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Gov. Newsom signs AB 1240

October 14, 2019 | Anne Stanton

Today we make a great stride forward in meeting the California public education system’s goal of preparing all students for college and career. Gov. Gavin Newsom has signed into law AB 1240, which updates the definition of “pupil achievement” that schools report in their Local Control and Accountability Plans (LCAPs) in an important way. Before, schools reported the number of students who completed courses required for entrance to our public universities—and separately reported the number of students completing specific career technical education (CTE) courses. This split reinforced a separate standard that has historically isolated parts of our population from higher education and economic success. Now, schools will also track the number of students who do both.

I applaud Assembly member Shirley Weber and Governor Newsom for helping codify what we know works for students. Through the experience of tens of thousands of California students participating in Linked Learning, we know that combining college and career preparation can improve student outcomes and equity. The new metric brought forth by AB 1240 aligns the LCAP with California’s worthy goal of preparing all students for college and career.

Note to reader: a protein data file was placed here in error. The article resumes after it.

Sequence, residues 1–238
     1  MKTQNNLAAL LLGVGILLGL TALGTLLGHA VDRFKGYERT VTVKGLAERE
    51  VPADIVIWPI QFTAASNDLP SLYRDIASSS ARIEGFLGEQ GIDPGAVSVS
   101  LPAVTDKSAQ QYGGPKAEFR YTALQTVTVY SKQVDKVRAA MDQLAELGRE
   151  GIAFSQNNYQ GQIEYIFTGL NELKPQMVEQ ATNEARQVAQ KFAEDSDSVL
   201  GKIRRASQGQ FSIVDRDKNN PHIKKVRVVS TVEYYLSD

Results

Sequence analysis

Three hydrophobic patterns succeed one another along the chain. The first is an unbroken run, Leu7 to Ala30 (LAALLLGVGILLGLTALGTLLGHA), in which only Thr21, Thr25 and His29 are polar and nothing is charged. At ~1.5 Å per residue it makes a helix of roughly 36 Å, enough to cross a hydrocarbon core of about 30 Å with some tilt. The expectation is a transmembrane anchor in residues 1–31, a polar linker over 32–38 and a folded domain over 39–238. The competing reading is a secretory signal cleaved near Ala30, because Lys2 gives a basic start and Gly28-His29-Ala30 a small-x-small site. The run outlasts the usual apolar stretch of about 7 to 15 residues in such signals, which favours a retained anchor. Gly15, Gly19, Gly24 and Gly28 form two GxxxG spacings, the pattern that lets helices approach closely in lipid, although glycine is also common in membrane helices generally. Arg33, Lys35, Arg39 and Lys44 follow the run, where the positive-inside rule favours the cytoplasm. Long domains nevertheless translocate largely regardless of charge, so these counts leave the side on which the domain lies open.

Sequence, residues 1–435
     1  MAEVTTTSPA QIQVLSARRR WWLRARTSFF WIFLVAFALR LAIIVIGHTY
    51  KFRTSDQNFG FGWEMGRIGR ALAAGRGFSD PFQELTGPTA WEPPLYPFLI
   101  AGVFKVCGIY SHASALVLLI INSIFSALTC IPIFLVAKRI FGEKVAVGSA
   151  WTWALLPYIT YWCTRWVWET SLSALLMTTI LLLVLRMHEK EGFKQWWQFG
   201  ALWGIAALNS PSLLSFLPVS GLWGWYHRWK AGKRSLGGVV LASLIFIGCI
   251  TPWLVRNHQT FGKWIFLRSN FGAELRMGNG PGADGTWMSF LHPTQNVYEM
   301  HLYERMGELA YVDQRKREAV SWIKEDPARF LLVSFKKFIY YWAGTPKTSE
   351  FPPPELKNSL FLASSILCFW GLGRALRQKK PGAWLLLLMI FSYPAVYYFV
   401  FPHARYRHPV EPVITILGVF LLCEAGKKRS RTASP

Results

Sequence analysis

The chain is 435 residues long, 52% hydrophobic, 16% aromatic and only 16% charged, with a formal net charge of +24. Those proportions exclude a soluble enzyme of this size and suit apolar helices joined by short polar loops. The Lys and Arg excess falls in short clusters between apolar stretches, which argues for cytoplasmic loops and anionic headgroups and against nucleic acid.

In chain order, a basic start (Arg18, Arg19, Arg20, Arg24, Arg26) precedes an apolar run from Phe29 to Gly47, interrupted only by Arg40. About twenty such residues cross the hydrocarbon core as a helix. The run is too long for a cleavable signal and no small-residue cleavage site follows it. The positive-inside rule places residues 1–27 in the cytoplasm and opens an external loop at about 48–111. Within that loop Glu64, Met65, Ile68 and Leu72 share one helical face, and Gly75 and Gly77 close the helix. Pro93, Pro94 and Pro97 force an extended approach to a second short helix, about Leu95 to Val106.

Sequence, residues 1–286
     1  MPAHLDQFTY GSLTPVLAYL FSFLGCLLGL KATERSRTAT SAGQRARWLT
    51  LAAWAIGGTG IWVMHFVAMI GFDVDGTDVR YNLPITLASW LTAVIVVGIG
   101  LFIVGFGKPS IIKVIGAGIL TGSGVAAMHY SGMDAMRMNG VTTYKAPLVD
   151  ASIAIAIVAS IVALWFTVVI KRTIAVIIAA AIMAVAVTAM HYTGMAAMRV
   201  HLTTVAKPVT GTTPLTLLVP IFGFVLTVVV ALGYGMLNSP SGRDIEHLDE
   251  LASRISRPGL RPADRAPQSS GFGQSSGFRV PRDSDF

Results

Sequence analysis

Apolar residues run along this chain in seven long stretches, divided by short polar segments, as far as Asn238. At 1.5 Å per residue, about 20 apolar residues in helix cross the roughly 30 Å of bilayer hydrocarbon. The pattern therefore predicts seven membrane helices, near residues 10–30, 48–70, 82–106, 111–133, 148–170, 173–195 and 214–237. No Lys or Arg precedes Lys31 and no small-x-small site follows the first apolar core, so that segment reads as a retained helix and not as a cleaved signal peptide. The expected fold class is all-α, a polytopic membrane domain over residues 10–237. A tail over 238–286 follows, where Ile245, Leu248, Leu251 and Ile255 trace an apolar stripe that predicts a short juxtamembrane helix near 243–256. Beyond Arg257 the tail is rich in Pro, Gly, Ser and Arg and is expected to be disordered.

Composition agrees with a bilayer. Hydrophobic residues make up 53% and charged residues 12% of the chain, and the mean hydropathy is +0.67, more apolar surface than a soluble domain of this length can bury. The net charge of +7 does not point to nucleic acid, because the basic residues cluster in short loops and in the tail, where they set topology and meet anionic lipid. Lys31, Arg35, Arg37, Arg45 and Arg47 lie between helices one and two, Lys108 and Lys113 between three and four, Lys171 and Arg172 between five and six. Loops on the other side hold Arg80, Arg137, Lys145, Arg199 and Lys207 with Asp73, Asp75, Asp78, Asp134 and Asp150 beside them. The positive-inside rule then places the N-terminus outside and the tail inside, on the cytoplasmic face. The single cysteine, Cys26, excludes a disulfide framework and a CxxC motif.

By design, Linked Learning integrates rigorous college and career preparation with market-relevant work experiences and student supports. And the results are impressive. Independent, longitudinal research shows that when compared to similar peers, students in certified Linked Learning pathways are more likely to graduate and less likely to drop out. They earn more credits, complete more college prep courses, and they build more of the skills and behaviors needed to thrive in the 21st century workforce. The results are pronounced for students of color, English language learners, and those with low prior achievement.

AB 1240 reinforces the intent of our state’s deep investments in education. And it expands the insight that we gain as we prepare all students for success after graduation—whether they pursue a good paying job right away or first earn a postsecondary degree or credential. We should be measuring our progress on college and career readiness—for our students and for the future of our economy and civic life.